Klein never graduated but spent her fourth year as full-time editor of The Varsity, the campus newspaper. “We put out a left-wing, feminist newspaper, and we felt under siege,” she says. “We were the most visible face of the political correctness movement. And people got really pissed off. They would break into the office and trash it and leave me rape threats.” But in the end, she became disillusioned with identity politics. “We were rearranging the furniture while the house burned down,” says Klein. “Our demands were turned into the ad slogans of the ’90s. Capitalism was so absorbent, it made us think there had to be another movement that would look at corporate power, not just the images corporations projected on the wall.” After The Varsity, Klein became an intern at The Globe and Mail, then spent two years as editor of This magazine. While she was at the Globe, during the 1993 federal election, CBC’s The National hired her to interview a hot young TV personality who was leading MuchMusic's first foray into election coverage— which is how she met future husband Avi Lewis. It was an odd way to meet. They both had their own TV crews, and held their first real conversation on camera. “The interview,” Lewis recalls, “was not relaxing. She was being CBC’d, typecast as a Gen Xer. And we were both having our experience with media institutions that wanted to commodify our youthful intelligence before we had found our voice.”

Both agree it was not love at first sound bite. “Life is too complicated for romantic clichés,” shrugs Lewis, 33. “But there was an instant intellectual engagement.” Well, did they flirt at least? “What are you talking about?” he laughs. “Of course we flirted—we were on television.” After three years of friendship, Lewis and Klein got together, then wed in 1998. Theirs appears to be a marriage made in media heaven. They both edit each other’s writing. Lewis supported her while she spent four years writing No Logo. And Klein unofficially coproduces counterSpin, pitching ideas and suggesting guests.

Lewis and Klein share a modest semi-detached house in Toronto. The living room is cluttered with reading material, the television hidden by a veil of fabric. Lewis’s guitar sits propped in a corner. Both partners have gruelling schedules, and dinner is usually a 10 p.m. takeout meal. They seem to be a good match: he crackles with speedy repartee, she is more circumspect—the difference, perhaps, between TV and print.

But they share a political vision-in-progress, one that lies beyond the parliamentary traditions of the NDP Despite his pedigree, Lewis has never joined the family dynasty. As an opinionated current affairs host, he says, “I’ve found a way to be in the family business without actually minding the store.” Meanwhile, he’s thrilled to see his wife surfing the anti-globalization movement: “She’s covering it, she’s driving it; she’s exhilarated, scared and overjoyed by it. Naomi’s a one-woman web. She connects with so many different constituencies. She speaks to CUPE and explains why they should get their asses to Quebec City; then she speaks to black-flag-waving anarchists and explains why it’s worth doing a CBC interview.”

A Sunday afternoon in Toronto. Klein is speaking to an auditorium of 350 activists at a meeting called by a coalition to protest the Quebec City summit. She delivers roughly the same speech she gave in Boston. But she puts more emphasis on a new idea that has just occurred to her: because the federal and provincial stages are so crowded, why not create a national party of municipal activists to campaign for local governments? Lewis, in the audience with his mother, says afterward: “Naomi keeps coming up with these ideas. I can’t keep up with her. Five years ago, when she said there was a movement coming, I said, ‘That’s nice, honey.’ But she was right.” The crowd is much younger than the one in Boston. In fact, one of the fans who lines up to get his No Logo autographed afterward looks about 12: “Great book,” he says gravely. Klein gets a kick out of her young fans, especially the Radiohead kids. She once got a letter saying, “You’re easier than Noam Chomsky,” referring to one of the left’s star theorists. Klein says she should get a T-shirt made up saying: “I’m easier than Noam Chomsky.” Although she wins respect from academics—No Logo is already showing up on university curricula—Klein revels in the freestyle wordplay of pop culture. No wonder she admires the media-sawy Subcomandante Marcos, the poet-revolutionary who has just published a book called Our Word is Our Weapon. Writing about Marcos recently in The Guardian magazine, she called him “a new kind of hero, who listens more than speaks, who preaches in riddles not in certainties, a leader who doesn’t show his face, who says his mask is a mirror.”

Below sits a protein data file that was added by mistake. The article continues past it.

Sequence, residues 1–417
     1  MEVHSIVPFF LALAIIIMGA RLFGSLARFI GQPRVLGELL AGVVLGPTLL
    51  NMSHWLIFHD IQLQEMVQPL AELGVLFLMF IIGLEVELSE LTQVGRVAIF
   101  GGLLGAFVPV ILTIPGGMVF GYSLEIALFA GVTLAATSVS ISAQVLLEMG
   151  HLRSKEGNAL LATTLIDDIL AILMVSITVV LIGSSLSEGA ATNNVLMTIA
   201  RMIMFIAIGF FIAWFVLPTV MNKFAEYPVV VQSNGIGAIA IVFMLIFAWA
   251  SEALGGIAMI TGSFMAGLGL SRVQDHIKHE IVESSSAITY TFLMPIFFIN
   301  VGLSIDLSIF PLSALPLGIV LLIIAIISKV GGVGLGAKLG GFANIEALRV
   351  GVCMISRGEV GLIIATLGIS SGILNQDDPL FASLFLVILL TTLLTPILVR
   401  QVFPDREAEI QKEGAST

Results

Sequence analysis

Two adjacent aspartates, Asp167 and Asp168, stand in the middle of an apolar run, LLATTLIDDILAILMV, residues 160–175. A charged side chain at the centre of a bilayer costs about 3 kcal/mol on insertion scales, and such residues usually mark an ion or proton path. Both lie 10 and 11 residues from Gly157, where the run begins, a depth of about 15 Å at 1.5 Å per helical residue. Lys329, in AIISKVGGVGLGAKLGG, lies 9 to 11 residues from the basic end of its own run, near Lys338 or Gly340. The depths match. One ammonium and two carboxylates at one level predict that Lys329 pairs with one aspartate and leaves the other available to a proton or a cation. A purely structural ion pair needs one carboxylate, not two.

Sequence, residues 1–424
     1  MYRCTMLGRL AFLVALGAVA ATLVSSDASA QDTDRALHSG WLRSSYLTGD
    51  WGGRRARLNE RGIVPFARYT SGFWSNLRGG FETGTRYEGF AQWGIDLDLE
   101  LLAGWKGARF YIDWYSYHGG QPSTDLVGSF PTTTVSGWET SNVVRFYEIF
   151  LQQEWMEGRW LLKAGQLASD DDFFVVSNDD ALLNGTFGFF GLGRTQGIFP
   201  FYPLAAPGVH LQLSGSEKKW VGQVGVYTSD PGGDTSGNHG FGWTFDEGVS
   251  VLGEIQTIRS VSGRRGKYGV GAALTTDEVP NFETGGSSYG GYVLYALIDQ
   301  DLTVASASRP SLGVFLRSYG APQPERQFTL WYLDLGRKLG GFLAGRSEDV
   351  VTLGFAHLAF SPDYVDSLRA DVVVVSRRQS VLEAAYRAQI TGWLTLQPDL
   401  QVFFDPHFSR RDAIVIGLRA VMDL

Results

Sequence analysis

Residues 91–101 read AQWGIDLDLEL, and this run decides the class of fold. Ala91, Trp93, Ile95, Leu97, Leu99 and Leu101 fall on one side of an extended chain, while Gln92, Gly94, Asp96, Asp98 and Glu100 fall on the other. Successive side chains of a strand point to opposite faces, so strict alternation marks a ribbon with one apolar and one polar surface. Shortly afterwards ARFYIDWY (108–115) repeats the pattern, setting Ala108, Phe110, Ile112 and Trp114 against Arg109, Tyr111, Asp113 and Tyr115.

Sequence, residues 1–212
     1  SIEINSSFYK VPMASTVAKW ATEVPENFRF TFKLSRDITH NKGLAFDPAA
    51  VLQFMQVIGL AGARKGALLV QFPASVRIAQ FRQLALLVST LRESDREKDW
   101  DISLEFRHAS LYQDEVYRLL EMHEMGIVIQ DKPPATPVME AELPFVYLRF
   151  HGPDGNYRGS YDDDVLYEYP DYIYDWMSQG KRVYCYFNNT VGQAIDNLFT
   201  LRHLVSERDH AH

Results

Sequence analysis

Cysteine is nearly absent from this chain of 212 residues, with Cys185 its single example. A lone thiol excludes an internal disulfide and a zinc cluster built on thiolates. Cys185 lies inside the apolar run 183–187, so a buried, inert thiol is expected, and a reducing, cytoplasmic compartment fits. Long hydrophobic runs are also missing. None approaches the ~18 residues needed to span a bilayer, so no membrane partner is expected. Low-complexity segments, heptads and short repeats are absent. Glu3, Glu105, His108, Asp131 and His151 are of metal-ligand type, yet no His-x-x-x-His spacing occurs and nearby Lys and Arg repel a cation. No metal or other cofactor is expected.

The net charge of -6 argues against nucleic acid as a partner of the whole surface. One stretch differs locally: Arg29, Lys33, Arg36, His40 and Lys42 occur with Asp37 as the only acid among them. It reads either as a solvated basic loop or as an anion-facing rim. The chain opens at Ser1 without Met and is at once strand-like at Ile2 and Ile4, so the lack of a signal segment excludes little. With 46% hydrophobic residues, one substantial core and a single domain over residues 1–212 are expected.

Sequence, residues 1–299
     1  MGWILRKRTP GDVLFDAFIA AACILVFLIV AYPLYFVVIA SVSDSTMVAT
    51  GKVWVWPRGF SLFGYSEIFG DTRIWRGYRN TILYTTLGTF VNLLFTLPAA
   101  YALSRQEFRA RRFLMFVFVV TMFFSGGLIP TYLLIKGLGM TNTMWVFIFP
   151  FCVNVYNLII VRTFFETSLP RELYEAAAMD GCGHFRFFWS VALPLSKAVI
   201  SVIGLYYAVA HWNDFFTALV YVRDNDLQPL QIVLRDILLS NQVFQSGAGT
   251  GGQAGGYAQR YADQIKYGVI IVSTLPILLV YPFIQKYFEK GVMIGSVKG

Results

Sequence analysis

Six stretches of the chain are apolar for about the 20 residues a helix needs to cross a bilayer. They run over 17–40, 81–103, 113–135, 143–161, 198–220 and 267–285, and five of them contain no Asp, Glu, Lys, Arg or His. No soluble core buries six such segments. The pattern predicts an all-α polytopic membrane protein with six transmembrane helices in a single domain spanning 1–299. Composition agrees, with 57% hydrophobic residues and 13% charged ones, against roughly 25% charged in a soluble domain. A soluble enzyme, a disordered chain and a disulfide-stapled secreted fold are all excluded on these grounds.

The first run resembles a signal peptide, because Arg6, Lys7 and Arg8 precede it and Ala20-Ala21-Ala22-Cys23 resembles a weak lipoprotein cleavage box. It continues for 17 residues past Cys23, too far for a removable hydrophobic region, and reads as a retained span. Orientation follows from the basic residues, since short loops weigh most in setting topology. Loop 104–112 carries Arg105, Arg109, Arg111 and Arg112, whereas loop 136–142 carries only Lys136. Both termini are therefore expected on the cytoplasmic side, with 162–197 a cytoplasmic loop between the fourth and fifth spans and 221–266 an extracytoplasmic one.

Marcos’s editor recently e-mailed Klein to tell her that the Zapatistas’ arrival in Mexico City on March 11 will be an event comparable to Martin Luther King’s March on Washington. Klein decided she had to be there. She also has a tentative offer to interview Marcos. “I’m from a generation that was told history had ended,” she says. “If there’s a capital-H history moment in my life, I want to be there to see it. They’re riding in on horseback, like conquistadores—Marcos has such an amazing sense of metaphor and symbolism and paradox.”

In her own way, so does Naomi Klein. And she, too, has a dream, one that would take her away from the grind of airports, speeches and interviews. It involves escaping to a Greek island and writing a novel. Science fiction. She already has the idea in her head. But that’s all she’s prepared to say: she’s not about to brand the future. E33